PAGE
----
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1.
Mycoses ; 65(8): 824-833, 2022 Aug.
Article in English | MEDLINE | ID: covidwho-1879087

ABSTRACT

BACKGROUND: In the absence of lung biopsy, there are various algorithms for the diagnosis of invasive pulmonary aspergillosis (IPA) in critically ill patients that rely on clinical signs, underlying conditions, radiological features and mycology. The aim of the present study was to compare four diagnostic algorithms in their ability to differentiate between probable IPA (i.e., requiring treatment) and colonisation. METHODS: For this diagnostic accuracy study, we included a mixed ICU population with a positive Aspergillus culture from respiratory secretions and applied four different diagnostic algorithms to them. We compared agreement among the four algorithms. In a subgroup of patients with lung tissue histopathology available, we determined the sensitivity and specificity of the single algorithms. RESULTS: A total number of 684 critically ill patients (69% medical/31% surgical) were included between 2005 and 2020. Overall, 79% (n = 543) of patients fulfilled the criteria for probable IPA according to at least one diagnostic algorithm. Only 4% of patients (n = 29) fulfilled the criteria for probable IPA according to all four algorithms. Agreement among the four diagnostic criteria was low (Cohen's kappa 0.07-0.29). From 85 patients with histopathological examination of lung tissue, 40% (n = 34) had confirmed IPA. The new EORTC/MSGERC ICU working group criteria had high specificity (0.59 [0.41-0.75]) and sensitivity (0.73 [0.59-0.85]). CONCLUSIONS: In a cohort of mixed ICU patients, the agreement among four algorithms for the diagnosis of IPA was low. Although improved by the latest diagnostic criteria, the discrimination of invasive fungal infection from Aspergillus colonisation in critically ill patients remains challenging and requires further optimization.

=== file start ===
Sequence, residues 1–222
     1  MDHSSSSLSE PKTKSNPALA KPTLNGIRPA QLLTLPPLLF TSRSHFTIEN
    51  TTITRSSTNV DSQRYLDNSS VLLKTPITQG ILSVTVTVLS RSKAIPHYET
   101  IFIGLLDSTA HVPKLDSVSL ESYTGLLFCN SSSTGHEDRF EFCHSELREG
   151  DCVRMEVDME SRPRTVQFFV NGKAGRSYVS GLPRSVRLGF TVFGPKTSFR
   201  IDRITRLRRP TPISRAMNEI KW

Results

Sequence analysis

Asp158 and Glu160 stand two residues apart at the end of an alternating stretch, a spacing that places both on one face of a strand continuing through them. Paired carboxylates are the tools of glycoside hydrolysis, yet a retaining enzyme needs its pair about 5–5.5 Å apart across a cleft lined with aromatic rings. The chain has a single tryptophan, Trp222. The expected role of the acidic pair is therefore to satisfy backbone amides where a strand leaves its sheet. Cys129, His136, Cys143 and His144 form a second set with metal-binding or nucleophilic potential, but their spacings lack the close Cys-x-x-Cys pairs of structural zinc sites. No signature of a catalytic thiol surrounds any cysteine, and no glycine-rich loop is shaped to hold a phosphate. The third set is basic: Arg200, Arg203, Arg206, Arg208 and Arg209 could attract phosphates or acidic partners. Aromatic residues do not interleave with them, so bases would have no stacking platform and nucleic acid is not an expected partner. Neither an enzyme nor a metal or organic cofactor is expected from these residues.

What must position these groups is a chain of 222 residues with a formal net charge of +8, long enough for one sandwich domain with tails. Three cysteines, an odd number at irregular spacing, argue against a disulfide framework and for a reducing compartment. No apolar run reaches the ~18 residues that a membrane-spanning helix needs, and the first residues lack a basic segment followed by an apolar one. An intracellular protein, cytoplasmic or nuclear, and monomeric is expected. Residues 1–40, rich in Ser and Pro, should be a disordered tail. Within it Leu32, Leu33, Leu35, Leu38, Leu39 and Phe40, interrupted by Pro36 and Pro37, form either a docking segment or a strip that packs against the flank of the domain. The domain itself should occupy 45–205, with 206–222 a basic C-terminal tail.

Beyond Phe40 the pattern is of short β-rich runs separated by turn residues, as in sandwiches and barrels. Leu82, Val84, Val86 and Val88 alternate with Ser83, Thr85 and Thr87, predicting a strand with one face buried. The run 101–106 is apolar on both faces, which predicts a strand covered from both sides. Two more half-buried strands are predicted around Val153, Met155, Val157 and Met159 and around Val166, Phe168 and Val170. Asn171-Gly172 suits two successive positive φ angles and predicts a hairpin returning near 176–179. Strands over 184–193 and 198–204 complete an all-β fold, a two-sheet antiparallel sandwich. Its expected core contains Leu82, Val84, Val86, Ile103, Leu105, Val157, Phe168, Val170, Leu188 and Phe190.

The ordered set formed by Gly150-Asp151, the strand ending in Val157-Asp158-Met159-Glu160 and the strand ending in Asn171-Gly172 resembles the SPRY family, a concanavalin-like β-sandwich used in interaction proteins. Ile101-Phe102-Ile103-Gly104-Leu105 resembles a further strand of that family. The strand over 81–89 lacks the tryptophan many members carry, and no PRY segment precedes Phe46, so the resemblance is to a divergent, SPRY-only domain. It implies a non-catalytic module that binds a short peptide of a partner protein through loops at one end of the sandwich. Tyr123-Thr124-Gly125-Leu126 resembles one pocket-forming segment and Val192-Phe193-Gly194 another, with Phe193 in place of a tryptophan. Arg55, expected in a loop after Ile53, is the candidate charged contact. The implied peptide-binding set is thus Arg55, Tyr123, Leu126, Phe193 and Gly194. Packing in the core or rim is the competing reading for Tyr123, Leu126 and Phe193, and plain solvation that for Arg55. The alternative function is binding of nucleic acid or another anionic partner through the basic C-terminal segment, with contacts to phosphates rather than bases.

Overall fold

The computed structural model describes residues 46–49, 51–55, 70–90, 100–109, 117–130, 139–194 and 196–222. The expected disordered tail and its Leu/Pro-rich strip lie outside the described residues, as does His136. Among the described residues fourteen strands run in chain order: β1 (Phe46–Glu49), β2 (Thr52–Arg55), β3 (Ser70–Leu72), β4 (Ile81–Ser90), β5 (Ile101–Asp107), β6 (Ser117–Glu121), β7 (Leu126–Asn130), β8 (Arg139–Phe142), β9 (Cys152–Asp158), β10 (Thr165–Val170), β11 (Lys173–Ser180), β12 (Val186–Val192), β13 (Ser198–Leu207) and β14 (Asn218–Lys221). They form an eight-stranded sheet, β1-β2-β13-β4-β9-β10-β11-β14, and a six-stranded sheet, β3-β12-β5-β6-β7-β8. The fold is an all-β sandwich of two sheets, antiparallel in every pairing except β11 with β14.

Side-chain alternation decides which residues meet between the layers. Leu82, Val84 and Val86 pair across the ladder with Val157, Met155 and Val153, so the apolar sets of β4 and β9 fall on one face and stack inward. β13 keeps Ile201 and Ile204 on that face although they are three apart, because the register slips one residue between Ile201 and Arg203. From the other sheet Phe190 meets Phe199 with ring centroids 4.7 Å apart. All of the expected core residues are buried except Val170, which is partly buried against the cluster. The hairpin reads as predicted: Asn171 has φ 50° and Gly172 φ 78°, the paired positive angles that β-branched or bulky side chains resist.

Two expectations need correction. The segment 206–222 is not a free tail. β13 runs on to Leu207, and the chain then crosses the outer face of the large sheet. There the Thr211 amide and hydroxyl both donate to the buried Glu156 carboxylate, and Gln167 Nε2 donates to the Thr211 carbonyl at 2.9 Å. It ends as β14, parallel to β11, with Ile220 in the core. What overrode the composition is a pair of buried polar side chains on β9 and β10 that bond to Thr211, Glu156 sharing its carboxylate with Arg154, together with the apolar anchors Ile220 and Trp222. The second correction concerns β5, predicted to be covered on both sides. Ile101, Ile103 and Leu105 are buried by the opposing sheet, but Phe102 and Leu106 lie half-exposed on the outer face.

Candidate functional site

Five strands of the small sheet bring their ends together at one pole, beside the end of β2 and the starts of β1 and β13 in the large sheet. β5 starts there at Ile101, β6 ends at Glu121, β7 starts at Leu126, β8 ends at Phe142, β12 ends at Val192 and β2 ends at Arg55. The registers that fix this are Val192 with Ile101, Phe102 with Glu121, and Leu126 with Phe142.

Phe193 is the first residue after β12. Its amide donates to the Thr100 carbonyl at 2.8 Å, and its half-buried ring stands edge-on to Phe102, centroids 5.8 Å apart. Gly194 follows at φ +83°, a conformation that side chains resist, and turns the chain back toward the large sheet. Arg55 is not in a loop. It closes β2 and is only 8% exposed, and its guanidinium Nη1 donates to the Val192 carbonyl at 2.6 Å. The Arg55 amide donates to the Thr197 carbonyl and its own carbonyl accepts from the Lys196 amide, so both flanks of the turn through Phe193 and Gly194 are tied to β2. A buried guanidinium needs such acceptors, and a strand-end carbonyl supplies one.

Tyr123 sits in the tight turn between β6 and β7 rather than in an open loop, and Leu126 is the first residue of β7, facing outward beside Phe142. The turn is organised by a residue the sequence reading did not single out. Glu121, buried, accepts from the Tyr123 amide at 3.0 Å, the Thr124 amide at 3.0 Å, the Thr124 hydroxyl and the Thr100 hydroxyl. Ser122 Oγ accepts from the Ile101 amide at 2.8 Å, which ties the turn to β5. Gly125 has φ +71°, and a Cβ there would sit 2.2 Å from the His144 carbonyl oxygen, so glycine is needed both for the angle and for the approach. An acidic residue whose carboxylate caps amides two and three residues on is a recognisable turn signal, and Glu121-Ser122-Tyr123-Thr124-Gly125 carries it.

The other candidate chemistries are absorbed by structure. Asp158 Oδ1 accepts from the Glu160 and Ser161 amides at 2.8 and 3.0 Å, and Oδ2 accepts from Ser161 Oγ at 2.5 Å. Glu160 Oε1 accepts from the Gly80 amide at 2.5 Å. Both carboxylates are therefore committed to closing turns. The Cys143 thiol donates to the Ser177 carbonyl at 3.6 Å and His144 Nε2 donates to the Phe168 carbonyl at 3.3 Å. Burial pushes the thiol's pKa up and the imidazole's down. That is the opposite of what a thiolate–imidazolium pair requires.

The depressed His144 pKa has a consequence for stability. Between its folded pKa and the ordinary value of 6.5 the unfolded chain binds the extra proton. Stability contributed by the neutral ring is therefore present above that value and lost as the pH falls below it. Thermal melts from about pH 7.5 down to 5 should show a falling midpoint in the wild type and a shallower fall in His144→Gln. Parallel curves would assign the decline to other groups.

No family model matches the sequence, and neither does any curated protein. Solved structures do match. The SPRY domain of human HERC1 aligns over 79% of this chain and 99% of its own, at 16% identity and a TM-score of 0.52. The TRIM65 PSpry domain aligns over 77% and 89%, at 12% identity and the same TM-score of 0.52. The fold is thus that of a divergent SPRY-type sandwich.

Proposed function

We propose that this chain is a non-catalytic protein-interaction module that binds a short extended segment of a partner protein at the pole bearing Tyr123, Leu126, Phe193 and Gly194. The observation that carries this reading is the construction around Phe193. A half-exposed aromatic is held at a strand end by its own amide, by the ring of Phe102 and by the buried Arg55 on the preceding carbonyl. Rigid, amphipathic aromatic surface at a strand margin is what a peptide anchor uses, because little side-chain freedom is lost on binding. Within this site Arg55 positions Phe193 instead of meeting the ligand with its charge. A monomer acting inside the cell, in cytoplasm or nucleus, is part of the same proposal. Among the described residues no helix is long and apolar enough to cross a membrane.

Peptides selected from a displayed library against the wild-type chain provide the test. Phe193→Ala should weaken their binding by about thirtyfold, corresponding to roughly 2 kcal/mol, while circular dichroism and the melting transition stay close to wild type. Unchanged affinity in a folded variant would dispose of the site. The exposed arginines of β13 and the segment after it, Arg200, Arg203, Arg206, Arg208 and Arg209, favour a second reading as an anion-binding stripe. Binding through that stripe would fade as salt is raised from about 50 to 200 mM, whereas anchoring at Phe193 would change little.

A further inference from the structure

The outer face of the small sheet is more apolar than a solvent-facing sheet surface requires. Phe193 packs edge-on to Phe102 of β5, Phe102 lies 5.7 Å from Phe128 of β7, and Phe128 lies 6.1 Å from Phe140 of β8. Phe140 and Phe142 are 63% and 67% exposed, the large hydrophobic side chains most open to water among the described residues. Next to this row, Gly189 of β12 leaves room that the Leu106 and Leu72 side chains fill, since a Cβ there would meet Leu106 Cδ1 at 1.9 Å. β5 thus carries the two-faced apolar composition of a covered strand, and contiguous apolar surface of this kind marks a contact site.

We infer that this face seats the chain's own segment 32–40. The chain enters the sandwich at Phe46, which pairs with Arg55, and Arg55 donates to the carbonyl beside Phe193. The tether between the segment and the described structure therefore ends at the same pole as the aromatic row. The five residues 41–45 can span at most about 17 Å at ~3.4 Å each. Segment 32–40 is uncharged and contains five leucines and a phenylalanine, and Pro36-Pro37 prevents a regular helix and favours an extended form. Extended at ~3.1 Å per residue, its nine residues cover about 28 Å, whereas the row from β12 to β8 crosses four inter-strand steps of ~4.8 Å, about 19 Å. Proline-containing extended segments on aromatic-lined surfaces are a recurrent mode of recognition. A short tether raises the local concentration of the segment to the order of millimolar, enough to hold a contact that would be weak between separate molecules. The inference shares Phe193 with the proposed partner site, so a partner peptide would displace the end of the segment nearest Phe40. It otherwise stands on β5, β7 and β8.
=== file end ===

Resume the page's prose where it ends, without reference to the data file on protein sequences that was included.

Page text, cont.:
Subject(s)
Invasive Pulmonary Aspergillosis , Aspergillus , Cohort Studies , Critical Illness , Humans , Invasive Pulmonary Aspergillosis/diagnosis , Invasive Pulmonary Aspergillosis/microbiology , Sensitivity and Specificity
2.
PLoS One ; 16(3): e0238825, 2021.
Article in English | MEDLINE | ID: covidwho-1138567

ABSTRACT